This is a speech I wrote and gave at school this week. The topic was Self-Introduction: Describe an Obstacle You Have Overcome. ~Erica
This is our daughter, Taryn Michal.
When she was 6 months old she was diagnosed with AML- Leukemia. On October 24, 1992 my whole world turned upside down and changed forever. Over the next 18 months, I learned a lot about myself, about God, and about being a good parent.
I learned that I can do all things through God, who gives me strength. Friends and family surrounded us but there came a moment when I could make it or I could break. Because of my faith in God I knew I could call on him, I learned to take it moment by moment and rely on Him to carry me through the tough spots. I learned that strength isn’t something you can train for or store up or save for later- It is provided at the moment you need it; for exactly as long as you need it. I am not as strong today as I was on any one day of that journey.
I learned that my husband really is my best friend. He was in school and working and caring for Nathan, our 3 year old down here while I was in Seattle with Taryn. Physically we were apart but we could communicate and I think it was because he wasn’t with me, bearing the brunt of my anger and fear, that he was able to support me by listening; and because he wasn’t getting reports from the doctors, I had to face my fear and my what if’s so that I could articulate the situation to him. He was far enough removed from the situation that he could react calmly and talk me down from my emotional “freak out.”
I learned to celebrate Everydays. Taryn should have died the day she was diagnosed- she had had a stroke and seizures from the leukemia in her brain. I really believe that God gifted us with an additional 18 months. The night we sat in the ER I grieved the loss of every milestone even as I held her and rocked her. I had another 500 days to make memories with her. I learned that memories sometimes have to be purposefully made and the mundane things are important and should be remembered. Taryn crawled, walked, cut teeth, grew, and matured even as her little body fought the disease.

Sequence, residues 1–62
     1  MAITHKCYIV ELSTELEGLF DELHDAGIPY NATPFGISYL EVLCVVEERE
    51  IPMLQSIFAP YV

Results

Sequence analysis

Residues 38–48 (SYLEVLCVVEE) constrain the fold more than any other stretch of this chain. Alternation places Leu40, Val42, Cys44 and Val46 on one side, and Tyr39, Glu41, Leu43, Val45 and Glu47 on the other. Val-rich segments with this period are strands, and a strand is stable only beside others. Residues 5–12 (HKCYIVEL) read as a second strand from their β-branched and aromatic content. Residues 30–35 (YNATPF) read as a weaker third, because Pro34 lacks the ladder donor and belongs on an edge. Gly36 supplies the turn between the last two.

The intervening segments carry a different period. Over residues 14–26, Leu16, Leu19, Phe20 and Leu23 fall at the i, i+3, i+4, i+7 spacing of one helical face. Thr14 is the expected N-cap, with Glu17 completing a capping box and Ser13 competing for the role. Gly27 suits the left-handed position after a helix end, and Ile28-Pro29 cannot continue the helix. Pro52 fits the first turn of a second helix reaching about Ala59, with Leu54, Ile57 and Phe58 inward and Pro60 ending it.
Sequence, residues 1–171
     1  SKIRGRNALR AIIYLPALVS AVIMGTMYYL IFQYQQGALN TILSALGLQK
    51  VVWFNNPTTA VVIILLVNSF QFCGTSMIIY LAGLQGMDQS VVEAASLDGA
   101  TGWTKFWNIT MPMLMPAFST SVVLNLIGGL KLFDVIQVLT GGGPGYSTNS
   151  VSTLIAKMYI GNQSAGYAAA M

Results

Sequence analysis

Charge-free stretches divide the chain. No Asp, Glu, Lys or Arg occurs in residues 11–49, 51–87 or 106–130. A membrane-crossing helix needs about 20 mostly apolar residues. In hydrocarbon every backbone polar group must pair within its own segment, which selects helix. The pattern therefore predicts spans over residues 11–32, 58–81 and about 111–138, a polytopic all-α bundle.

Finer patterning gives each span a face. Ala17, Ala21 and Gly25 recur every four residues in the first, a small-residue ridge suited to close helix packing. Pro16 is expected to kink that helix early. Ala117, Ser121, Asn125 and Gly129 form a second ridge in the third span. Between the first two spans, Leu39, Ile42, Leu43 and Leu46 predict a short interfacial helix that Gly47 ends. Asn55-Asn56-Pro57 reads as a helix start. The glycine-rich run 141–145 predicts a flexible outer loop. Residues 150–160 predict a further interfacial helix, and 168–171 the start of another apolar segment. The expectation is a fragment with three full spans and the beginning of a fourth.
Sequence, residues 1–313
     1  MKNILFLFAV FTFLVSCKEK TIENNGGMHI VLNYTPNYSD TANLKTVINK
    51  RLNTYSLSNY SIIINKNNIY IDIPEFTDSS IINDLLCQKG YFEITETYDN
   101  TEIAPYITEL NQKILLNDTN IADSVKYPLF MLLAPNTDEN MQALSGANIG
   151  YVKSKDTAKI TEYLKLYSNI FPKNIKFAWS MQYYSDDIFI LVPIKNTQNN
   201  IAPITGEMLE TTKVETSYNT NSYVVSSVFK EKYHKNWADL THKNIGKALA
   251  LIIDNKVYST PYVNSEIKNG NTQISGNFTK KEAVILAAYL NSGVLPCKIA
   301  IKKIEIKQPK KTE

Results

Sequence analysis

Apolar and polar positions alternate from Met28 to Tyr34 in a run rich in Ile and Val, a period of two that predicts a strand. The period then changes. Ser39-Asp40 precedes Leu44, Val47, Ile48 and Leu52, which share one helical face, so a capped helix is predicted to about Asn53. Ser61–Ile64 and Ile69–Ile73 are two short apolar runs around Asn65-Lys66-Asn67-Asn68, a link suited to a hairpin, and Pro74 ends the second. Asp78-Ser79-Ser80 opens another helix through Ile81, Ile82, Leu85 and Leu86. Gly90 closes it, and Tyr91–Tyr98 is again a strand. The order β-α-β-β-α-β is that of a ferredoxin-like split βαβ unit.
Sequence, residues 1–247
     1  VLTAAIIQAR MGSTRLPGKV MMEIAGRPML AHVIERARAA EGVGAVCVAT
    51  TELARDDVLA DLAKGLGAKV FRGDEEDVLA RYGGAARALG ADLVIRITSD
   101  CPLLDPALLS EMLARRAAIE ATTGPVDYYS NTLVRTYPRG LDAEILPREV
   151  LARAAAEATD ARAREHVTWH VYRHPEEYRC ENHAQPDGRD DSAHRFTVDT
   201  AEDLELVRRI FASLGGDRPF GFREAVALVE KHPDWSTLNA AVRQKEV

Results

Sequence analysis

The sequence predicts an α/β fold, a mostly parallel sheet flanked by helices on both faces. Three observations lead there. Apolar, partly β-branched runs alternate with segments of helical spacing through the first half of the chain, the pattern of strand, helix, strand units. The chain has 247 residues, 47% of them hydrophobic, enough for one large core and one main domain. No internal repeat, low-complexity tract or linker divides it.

I learned to have fun. That seems like it should be instinctive but when faced with a catastrophic situation the body wants to close in on itself to protect itself from further hurts. There was a mom who was about 6 months ahead of us on the journey who modeled fun to me. Her little boy had no chance of survival from his very rare form of cancer. But she made every single day of his life special and she shared her Joy with the other mom’s on the floor. One night she brought in the strangest flavors of ice cream she could find for us to try; another night she snuck in Lethal Weapon for us to watch in the playroom (it was Rated R so against the rules but the nurses turned a blind eye since all the kids were tucked up in bed).
I learned to trust my mommy instincts. I knew something was wrong from the day she was born- she had enlarged lymph nodes and was sick all the time; not just sniffly nose in cold season type sick but needing antibiotics and chest x-rays type sick. But the flip side of that is that now, when I have healthy kids, I know that they won’t die if they pick up some germs. That’s not to say I don’t ever worry, but I can pray about it and turn it over to God and usually let Him deal with it (after I give them ibuprofen and a Gatorade).
I learned that God is with me at all times- because He cares for me. This is the most important lesson I learned. This means that He cares about who I am, He cares for those I love, He cares about what worries me, He cares about my hopes and dreams. I learned that I could talk to Him about anything, I could rage at Him and He’d never hang up on me or stop being my friend. In the dark hours just before dawn I can still rely on His promise that He will never leave me or forsake me.
Taryn died May 3, 1994.
Since then we’ve added Rush, Arin, Isaac, Jonah, and because God likes to keep things fun, #6 was a little girl who is now 8 going on 20. Nathan is 21, married, and deployed to Kandahar Air Base in Afghanistan. Do I worry about him? Yes, he has orders to only tell his mom about the boring bits. Do I fret? No, I know that he belongs to God and God cares about him more than I do.